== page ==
Produced waters typically contain high levels of dissolved solids ranging in salinity from 12 to 180 parts per thousand, metals concentrations higher than those of receiving waters, and up to 25 parts per million (ppm) oil and grease.
Tishomingo, OK (PRWEB) August 07, 2013
Global Industrial Water (GIW) is endeavoring to find a treatment or series of treatments whereby produced water from oil and gas operations can be rendered fit for reuse, agricultural, municipal and industrial use. This potential new water supply would:
- alleviate the pressure on conventional water supplies,
- provide an environmentally friendly alternative to re-injection (PWRI), and
- be drought-proof.
The aim is to supply water treatment equipment to oil and gas producers in order to save money, reduce fresh water requirements for drilling and minimize contamination of water supplies.
These are the costs today to supply water for drilling, per well:
Cost to truck water to each well per 100,000 barrels of water - $487,000
Cost per well to treat and recycle 100,000 barrels of water - $324,000
IMMEDIATE SAVINGS $163,000 PER FRAC PER WELL
(Each operator performs around 40 – 60 fracs per well per month so an oil producer could save as much as $10,000,000 per well per month by re-using the injection water.)
In addition to the cost saving benefits of treatment and re-use of water there is a truck load reduction of 295 truckloads required per well which equates to a 36% reduction of trucks on the road.
The intention for the upcoming trial is to treat produced water at a rate of 10gpm and render it fit for agricultural, municipal, industrial use and re-use for injection/ fracking.
Each of the water treatment components in this study has been proven effective in its own right.
The purpose of our study is to create varying sequences of equipment using 3 or 4-way valves.
The feed water will be directed through each component in documented permutations.
The water quality will be analyzed after each run by means of sample ports.
The findings of each permutation will be analyzed to identify and measure the constituents of the water after treatment.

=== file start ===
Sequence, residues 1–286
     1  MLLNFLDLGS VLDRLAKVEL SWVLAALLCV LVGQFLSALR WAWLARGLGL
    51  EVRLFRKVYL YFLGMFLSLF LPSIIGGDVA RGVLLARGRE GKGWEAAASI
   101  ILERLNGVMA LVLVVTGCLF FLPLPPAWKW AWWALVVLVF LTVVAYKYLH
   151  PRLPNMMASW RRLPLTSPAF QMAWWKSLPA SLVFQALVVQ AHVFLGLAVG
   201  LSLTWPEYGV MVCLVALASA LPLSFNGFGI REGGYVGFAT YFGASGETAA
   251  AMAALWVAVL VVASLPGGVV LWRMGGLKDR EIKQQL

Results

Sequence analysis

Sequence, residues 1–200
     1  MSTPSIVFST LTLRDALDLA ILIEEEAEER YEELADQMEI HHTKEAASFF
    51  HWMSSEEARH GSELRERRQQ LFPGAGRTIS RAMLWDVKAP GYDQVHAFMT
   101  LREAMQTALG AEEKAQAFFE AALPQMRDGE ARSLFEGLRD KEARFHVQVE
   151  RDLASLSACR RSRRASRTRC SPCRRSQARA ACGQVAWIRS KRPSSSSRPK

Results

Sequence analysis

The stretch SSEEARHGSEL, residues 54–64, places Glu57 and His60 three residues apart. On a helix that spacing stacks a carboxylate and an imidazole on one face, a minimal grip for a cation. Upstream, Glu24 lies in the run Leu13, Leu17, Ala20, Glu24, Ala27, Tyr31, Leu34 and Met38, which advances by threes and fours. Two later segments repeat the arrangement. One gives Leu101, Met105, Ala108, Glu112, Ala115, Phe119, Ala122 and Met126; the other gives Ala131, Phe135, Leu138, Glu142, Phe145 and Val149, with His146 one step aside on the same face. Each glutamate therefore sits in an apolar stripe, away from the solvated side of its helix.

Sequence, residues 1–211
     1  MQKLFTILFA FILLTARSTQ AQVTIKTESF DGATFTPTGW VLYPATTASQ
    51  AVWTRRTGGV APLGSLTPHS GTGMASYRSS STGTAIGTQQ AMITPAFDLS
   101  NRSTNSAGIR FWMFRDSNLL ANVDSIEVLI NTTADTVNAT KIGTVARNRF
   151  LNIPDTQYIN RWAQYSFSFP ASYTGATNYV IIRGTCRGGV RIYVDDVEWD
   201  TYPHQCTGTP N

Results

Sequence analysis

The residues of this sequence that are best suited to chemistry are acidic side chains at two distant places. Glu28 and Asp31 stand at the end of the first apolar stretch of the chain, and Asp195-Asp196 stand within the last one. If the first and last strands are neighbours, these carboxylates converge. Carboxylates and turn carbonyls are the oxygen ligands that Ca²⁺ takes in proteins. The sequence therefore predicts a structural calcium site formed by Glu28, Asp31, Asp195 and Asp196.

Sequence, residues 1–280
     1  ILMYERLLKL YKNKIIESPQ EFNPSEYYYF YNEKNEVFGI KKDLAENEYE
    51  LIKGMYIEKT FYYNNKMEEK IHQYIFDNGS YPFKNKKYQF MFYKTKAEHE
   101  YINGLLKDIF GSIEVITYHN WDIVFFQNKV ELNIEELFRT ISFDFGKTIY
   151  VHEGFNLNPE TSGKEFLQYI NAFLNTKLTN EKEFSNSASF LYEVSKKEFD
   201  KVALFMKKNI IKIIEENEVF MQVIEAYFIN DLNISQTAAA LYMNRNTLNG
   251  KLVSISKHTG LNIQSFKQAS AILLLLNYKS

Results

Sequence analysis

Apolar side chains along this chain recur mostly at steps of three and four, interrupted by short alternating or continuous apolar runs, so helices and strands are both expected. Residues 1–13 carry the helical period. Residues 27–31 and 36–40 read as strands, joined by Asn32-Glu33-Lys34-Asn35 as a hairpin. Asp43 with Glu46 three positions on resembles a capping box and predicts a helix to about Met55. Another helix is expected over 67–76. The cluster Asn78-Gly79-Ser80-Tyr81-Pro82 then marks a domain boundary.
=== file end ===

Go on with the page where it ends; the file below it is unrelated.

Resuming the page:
The study will commence on August 12th and will run initially for 14 days. Many prominent oil producers and invited guests will be in attendance to witness the performance of the various technologies and the intention is to extend the duration of the study to provide additional information relating to areas of specific interest, if so required.
In addition to a full, on-site laboratory facility the study will also be determining:
1). Oil in water concentration and particle size with state of the art fluid imaging technology capable of microscopy, ultrasonic lens cleaning and laser induced UF fluorescence.
2). The efficacy of membrane technology
3). Whether a produced water treatment train using green technology can be developed commercially to create a cost-efficient method of reclaiming produced water for stream-flow augmentation, irrigation, livestock watering, and municipal and industrial use
4). How practical an appropriately sized treatment train would be in a real time application
5). The viability of the re-sale of oil reclaimed from produced water
6). The suitability of 000 rated chemicals as a means by which to flocculate heavy metals in order to reduce TDS and to remove H2S
A new mechanically cleaned micro filter for the removal of biologicals and a low pressure direct displacement ZeeWeed ultra filter will be introduced by the Texas A&M University together with new wireless air emission monitors.
The facility has all amenities, including conference room, Wi-Fi, restrooms, break room, air conditioning, lock-up facilities and telephone. There are several hotels within 10 minutes of the facility including Best Western and Comfort Inn.
Anyone interested in witnessing the trial should send an email to Global Industrial Water (GIW) with "PRODUCED WATER TRIAL" in the subject line for an immediate response detailing the trial location.